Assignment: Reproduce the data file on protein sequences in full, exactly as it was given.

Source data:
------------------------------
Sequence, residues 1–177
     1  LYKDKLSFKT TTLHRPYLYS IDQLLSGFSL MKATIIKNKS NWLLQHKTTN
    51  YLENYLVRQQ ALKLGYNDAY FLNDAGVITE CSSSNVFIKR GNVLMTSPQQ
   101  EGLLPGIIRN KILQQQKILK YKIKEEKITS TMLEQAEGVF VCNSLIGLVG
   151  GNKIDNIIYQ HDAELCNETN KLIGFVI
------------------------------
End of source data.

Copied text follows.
Sequence, residues 1–177
     1  LYKDKLSFKT TTLHRPYLYS IDQLLSGFSL MKATIIKNKS NWLLQHKTTN
    51  YLENYLVRQQ ALKLGYNDAY FLNDAGVITE CSSSNVFIKR GNVLMTSPQQ
   101  EGLLPGIIRN KILQQQKILK YKIKEEKITS TMLEQAEGVF VCNSLIGLVG
   151  GNKIDNIIYQ HDAELCNETN KLIGFVI